It should be pointed out that Porsche views PAR's trickery as a comfort feature (there's a Comfort Entry subroutine which makes the car pop up 55mm on its suspension as soon as you open the door, for instance, to make getting into and out of it that bit easier on your aching old hips) and if you slot any E-Hybrid with it fitted into Sport Plus then it won't do its full range of movement. But on track, after thrashing the Turbo E-Hybrid as much as possible and being mighty impressed by its handling capabilities on a circuit, we then we allowed to try the active tilt function - and it's a fantastic system that leans the entire car into corners, like a motorcyclist on their bike. We're eager to try a PAR-equipped Turbo E-Hybrid for longer, on the road this time, to see just how good this active suspension set-up really is, but on this showing it's the definite star choice in the Panamera's range of options.


The Panamera starts at 79,500 for the rear-wheel-drive V6, with the Panamera 4 from 82,500. Standard equipment is generous on them both, although they have less kit from the factory than the E-Hybrids as Porsche uses drivetrains to denote trim-grade specifications. And there are still plenty of options which can push their prices higher. Also, the extra weight and driven wheels of the Panamera 4 means it cannot slip into a lower tax bracket for year one, no matter what size of alloy you fit it with - the rear-drive can, if kept on its standard 19s, cost you only 1,565 in year one VED, as opposed to 2,220, although it too slips into the higher bracket on larger wheels.

The Panamera Turbo E-Hybrid, meanwhile, packing the only V8 in the G3 line-up and having almost double the horsepower and torque of the V6 models, starts from a far more daunting 141,400, but therein lies the dichotomy of the whole Panamera family. At its most basic, you could almost consider it a rival to the likes of the Audi A6/A7, BMW 5 Series et al; when you start fitting it with 680hp drivetrains and magical suspension, it immediately becomes an alternative to the exalted four-doors of the world, such as the distantly related Bentley Flying Spur. That's kind of how you have to frame its asking prices, which then makes the Porsche look good value despite the (in isolation) high-level windscreen stickers.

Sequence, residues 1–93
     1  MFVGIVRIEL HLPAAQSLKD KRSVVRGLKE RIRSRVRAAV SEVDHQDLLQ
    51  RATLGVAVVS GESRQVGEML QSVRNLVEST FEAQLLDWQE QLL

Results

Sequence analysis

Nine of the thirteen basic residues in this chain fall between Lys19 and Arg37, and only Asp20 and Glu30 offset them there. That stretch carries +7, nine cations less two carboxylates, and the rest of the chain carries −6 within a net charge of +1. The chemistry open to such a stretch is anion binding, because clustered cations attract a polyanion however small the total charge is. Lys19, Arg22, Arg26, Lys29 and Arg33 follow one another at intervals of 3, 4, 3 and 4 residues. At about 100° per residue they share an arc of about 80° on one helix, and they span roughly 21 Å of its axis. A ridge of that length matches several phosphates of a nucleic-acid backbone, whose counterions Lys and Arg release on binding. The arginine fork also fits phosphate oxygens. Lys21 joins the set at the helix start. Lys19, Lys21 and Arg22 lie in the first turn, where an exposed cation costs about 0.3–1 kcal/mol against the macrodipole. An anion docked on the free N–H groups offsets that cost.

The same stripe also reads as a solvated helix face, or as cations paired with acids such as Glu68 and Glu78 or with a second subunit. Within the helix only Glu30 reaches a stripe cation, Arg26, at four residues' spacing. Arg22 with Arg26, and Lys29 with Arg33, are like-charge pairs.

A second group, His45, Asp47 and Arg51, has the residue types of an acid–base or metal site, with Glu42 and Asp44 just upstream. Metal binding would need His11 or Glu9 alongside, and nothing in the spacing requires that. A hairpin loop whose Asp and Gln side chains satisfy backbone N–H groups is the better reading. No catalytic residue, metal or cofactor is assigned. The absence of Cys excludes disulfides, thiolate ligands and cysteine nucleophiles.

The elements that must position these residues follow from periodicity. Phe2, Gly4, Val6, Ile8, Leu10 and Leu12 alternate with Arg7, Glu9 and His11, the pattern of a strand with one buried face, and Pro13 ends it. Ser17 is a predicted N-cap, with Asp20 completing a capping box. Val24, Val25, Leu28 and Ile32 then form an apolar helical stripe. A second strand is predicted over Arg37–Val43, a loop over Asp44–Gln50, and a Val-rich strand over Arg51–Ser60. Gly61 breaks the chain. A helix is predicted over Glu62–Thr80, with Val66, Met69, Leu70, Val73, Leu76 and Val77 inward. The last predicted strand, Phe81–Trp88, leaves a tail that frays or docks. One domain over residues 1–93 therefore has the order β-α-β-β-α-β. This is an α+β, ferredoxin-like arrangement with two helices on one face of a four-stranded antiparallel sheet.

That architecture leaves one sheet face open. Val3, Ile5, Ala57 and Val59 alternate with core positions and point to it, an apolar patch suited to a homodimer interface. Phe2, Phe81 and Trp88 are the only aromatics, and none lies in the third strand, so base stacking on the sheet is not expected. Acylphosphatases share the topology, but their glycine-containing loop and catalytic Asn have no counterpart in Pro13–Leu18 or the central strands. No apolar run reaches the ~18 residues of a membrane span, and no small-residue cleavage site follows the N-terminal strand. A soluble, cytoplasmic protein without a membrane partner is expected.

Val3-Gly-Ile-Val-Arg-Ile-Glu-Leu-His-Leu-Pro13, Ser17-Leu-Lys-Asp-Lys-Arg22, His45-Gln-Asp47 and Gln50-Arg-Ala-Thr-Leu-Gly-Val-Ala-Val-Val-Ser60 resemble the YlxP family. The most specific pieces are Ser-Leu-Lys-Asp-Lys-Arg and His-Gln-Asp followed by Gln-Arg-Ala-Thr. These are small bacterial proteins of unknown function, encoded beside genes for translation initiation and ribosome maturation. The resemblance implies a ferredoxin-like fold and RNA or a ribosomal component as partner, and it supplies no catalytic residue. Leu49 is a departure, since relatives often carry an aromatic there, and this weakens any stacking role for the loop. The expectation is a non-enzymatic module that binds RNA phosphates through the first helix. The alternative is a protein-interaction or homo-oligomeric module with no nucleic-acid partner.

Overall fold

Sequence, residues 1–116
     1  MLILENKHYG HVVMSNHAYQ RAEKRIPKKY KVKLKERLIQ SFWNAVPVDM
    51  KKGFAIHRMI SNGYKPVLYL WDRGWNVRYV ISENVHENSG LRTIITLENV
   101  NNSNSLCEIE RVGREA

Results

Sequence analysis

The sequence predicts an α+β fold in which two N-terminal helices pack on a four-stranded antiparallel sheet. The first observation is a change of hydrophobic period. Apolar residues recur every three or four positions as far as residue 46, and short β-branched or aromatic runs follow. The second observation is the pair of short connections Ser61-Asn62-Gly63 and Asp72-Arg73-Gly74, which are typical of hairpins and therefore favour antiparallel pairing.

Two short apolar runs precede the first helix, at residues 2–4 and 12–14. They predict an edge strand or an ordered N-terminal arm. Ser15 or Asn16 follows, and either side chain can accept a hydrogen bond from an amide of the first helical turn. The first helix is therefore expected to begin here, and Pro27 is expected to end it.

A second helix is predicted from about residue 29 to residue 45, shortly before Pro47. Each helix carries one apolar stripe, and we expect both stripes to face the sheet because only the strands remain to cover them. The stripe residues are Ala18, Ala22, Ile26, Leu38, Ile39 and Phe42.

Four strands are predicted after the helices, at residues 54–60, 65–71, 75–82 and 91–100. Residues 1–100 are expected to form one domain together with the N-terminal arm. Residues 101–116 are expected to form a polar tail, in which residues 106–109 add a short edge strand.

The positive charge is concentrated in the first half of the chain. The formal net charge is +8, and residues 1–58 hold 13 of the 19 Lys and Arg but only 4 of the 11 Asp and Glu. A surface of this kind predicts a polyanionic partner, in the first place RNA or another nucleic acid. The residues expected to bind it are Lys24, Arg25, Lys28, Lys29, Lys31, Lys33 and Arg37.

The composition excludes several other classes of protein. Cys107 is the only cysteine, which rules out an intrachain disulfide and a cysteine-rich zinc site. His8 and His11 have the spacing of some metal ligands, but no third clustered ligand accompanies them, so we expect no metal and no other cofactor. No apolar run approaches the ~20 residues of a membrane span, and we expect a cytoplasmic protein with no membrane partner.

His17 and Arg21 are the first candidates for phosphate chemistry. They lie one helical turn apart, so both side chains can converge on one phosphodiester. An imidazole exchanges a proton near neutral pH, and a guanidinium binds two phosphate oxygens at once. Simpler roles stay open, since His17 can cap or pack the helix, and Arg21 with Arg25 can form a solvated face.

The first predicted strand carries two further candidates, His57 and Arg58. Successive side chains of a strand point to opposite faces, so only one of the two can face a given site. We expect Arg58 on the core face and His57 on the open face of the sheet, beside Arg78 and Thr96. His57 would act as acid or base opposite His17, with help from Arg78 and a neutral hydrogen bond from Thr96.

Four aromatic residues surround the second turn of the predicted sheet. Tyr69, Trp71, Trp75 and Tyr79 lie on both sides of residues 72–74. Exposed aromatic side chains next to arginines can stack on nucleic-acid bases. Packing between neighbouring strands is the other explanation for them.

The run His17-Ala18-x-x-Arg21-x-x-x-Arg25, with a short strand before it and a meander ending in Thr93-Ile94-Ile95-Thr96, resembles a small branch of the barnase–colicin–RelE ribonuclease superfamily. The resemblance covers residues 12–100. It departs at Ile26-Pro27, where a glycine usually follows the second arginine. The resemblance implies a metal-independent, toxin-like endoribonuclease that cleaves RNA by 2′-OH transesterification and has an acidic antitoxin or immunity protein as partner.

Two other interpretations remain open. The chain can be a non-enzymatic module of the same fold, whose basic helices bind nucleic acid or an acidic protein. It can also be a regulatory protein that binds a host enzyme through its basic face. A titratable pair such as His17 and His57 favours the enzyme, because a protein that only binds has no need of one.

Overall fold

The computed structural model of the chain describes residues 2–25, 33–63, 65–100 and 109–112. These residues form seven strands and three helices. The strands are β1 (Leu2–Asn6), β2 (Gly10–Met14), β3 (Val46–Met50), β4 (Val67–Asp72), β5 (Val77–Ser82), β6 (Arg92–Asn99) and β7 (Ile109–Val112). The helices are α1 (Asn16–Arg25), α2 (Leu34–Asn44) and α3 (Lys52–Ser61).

It could have been the case that the ascendency of the Taycan would spell the end for the Panamera - after all, why have a part-electric Porsche when you can go for a full electric if you like? However, we're very glad the Panamera is back and, instantly, it goes down as one of the very finest sports 'saloons' you can buy right now. Great to drive from base model to flagship, then aside from the occasionally elevated cabin noise on the move, about our only complaint of the 972 G3 is that we won't get a Sport Turismo this time around. Otherwise, it's absolutely brilliant... but, to answer our question at the outset, get the Turbo E-Hybrid. It really is worth the huge additional outlay.

Matt Robinson - 13 Mar 2024    - Porsche road tests
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2024 Porsche Panamera, Panamera 4 and Turbo E-Hybrid. Image by Porsche.2024 Porsche Panamera, Panamera 4 and Turbo E-Hybrid. Image by Porsche.2024 Porsche Panamera, Panamera 4 and Turbo E-Hybrid. Image by Porsche.2024 Porsche Panamera, Panamera 4 and Turbo E-Hybrid. Image by Porsche.2024 Porsche Panamera, Panamera 4 and Turbo E-Hybrid. Image by Porsche.

2024 Porsche Panamera, Panamera 4 and Turbo E-Hybrid. Image by Porsche.2024 Porsche Panamera, Panamera 4 and Turbo E-Hybrid. Image by Porsche.2024 Porsche Panamera, Panamera 4 and Turbo E-Hybrid. Image by Porsche.2024 Porsche Panamera, Panamera 4 and Turbo E-Hybrid. Image by Porsche.2024 Porsche Panamera, Panamera 4 and Turbo E-Hybrid. Image by Porsche.